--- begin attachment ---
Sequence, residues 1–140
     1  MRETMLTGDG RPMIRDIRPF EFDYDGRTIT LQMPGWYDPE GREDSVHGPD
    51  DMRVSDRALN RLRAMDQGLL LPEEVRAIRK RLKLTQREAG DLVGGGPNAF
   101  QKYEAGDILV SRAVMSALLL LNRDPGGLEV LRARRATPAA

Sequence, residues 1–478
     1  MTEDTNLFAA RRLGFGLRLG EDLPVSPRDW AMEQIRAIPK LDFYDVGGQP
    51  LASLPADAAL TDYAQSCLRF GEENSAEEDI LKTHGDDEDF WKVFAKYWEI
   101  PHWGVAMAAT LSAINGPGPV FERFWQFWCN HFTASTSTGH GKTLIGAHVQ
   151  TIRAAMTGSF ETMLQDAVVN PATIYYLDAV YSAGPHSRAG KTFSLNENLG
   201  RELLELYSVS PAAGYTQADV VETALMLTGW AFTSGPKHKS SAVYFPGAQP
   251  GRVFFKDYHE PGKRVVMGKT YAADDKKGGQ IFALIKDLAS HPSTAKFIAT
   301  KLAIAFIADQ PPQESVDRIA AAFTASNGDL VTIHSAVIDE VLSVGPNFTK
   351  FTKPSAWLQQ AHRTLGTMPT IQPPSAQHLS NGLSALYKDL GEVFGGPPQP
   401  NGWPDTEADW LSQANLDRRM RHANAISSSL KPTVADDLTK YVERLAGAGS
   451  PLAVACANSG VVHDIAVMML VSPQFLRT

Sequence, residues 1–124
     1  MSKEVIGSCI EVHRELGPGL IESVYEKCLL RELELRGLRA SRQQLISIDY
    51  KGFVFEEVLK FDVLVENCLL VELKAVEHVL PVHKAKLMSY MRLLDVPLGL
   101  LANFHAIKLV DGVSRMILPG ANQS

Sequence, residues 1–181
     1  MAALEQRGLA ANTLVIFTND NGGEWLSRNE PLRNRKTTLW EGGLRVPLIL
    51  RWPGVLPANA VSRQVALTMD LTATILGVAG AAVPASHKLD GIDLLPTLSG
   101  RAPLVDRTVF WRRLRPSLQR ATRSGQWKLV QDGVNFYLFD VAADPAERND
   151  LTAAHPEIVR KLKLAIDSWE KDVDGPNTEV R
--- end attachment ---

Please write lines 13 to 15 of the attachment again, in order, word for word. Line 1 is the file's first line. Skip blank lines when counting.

   351  FTKPSAWLQQ AHRTLGTMPT IQPPSAQHLS NGLSALYKDL GEVFGGPPQP
   401  NGWPDTEADW LSQANLDRRM RHANAISSSL KPTVADDLTK YVERLAGAGS
   451  PLAVACANSG VVHDIAVMML VSPQFLRT